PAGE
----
|US5276908 *||Oct 25, 1990||Jan 4, 1994||Northern Telecom Limited||Call set-up and spectrum sharing in radio communication on systems with dynamic channel allocation|
|US5279521 *||Feb 26, 1992||Jan 18, 1994||Motorola, Inc.||Dynamic group regrouping method|
|US5280630 *||Jan 21, 1992||Jan 18, 1994||Motorola, Inc.||Method and apparatus for dynamic channel allocation|
|US5390366 *||Feb 26, 1992||Feb 14, 1995||Nec Corporation||Mobile communication system|
|US5420909 *||Jun 23, 1993||May 30, 1995||Motorola, Inc.||Method for allocating telephone and communication resources|
|US5425030 *||Nov 12, 1991||Jun 13, 1995||Motorola Inc.||On-site system frequency sharing with trunking system|
|US5428668 *||Nov 4, 1993||Jun 27, 1995||Ericsson Ge Mobile Communications Inc.||Radio personal communications system and method for allocating frequencies for communications between a cellular terminal and a base station|
|US5490137 *||Aug 3, 1994||Feb 6, 1996||Motorola, Inc.||Method of allocating a new frequency plan in a communication system|
|US5497505 *||Dec 17, 1993||Mar 5, 1996||Northern Telecom Limited||Call set-up and spectrum sharing in radio communication on systems with dynamic channel allocation|
|US5526402 *||May 19, 1995||Jun 11, 1996||Ericsson Inc.||Radio personal communications system and method for initiating communications between a base station and a cellular terminal|
|US5533008 *||Jan 26, 1995||Jul 2, 1996||Motorola, Inc.||Method and apparatus for providing a communication system infrastructure|
|US5535259 *||Mar 29, 1995||Jul 9, 1996||Ericsson Inc.||Radio personal communications system and method for allocating frequencies for communications between a cellular terminal and a base station|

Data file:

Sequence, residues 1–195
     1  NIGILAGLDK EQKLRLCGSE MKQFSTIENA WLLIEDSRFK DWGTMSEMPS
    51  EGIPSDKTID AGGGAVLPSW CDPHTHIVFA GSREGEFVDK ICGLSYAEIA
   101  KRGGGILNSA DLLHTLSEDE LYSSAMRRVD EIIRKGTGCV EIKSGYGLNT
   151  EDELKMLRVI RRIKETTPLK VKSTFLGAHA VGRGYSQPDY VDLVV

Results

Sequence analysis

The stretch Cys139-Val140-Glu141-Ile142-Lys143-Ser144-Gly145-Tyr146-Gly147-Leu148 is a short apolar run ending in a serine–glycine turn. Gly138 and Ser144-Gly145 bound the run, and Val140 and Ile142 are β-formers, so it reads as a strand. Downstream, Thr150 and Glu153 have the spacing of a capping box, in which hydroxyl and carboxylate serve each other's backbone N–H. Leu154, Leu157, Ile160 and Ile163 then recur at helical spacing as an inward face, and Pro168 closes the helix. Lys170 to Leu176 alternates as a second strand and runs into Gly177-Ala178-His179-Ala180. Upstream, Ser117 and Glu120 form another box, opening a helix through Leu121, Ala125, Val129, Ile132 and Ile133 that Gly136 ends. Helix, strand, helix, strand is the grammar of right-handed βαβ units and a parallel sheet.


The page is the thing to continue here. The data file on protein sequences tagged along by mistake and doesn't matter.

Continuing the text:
|US5581597 *||May 19, 1995||Dec 3, 1996||Ericsson Inc.||Radio personal communications system and method for selecting a frequency for use in communications between a base station and a cellular terminal|
|US5583869 *||Sep 30, 1994||Dec 10, 1996||Motorola, Inc.||Method for dynamically allocating wireless communication resources|
|US5625878 *||Feb 28, 1996||Apr 29, 1997||Nokia Telecommunications Oy||Method of allocating radio channels|
|US5627876 *||Jun 10, 1994||May 6, 1997||Uniden America Corporation||Call priority override in a land mobile radio system|
|US5678189 *||Nov 2, 1995||Oct 14, 1997||Motorola, Inc.||Communications system and communications unit for communicating over a base set of channels and an extended set of channels|
|US5697052 *||Jul 5, 1995||Dec 9, 1997||Treatch; James E.||Cellular specialized mobile radio system|
|US5697054 *||Feb 6, 1997||Dec 9, 1997||Telefonaktiebolaget Lm Ericsson||Method and apparatus for load sharing transceiver handlers in regional processors of radio communications systems|
|US5697059 *||Oct 31, 1996||Dec 9, 1997||Airnet Communications Corp.||System for dynamically allocating channels among base stations in a wireless communication system|
|US5771453 *||Jun 19, 1995||Jun 23, 1998||Ericsson Inc.||Multiple user base stations and methods for radio personal communications systems|
|US5805633 *||Sep 6, 1995||Sep 8, 1998||Telefonaktiebolaget L M Ericsson||Method and apparatus for frequency planning in a multi-system cellular communication network|
|US5812955 *||Mar 3, 1994||Sep 22, 1998||Ericsson Inc.||Base station which relays cellular verification signals via a telephone wire network to verify a cellular radio telephone|
|US5818830 *||Dec 29, 1995||Oct 6, 1998||Lsi Logic Corporation||Method and apparatus for increasing the effective bandwidth of a digital wireless network|
|US5822700 *||Apr 18, 1996||Oct 13, 1998||Telefonaktiebolaget L M Ericsson||Flow control of short message service messages in a cellular telephone network|
|US5844900 *||Sep 23, 1996||Dec 1, 1998||Proxim, Inc.||Method and apparatus for optimizing a medium access control protocol|
|US6067457 *||Apr 30, 1996||May 23, 2000||Motorola, Inc.||Method for dynamically assigning priority to a call|
|US6131029 *||Apr 9, 1998||Oct 10, 2000||Alcatel||Method and apparatus for allocating a radio resource by preemption in a cellular radio system for communication with mobiles|